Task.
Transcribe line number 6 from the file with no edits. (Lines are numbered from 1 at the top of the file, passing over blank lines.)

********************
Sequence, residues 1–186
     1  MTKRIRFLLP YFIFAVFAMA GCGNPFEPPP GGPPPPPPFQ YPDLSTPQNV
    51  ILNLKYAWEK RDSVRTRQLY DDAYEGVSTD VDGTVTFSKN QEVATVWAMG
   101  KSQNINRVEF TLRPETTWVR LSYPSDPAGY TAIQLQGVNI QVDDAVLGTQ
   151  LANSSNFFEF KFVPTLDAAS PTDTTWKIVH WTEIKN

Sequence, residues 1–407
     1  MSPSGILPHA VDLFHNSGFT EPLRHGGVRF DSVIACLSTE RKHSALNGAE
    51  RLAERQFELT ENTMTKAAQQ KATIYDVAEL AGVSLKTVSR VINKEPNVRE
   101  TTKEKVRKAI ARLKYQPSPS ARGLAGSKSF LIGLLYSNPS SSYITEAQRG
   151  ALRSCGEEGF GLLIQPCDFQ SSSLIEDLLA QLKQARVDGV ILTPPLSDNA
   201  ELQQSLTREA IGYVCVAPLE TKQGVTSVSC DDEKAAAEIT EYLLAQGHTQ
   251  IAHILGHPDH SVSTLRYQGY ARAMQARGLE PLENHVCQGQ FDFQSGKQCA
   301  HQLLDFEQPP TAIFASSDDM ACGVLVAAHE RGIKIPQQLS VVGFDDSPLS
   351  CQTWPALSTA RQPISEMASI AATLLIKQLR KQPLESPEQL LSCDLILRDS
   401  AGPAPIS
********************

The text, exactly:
Sequence, residues 1–407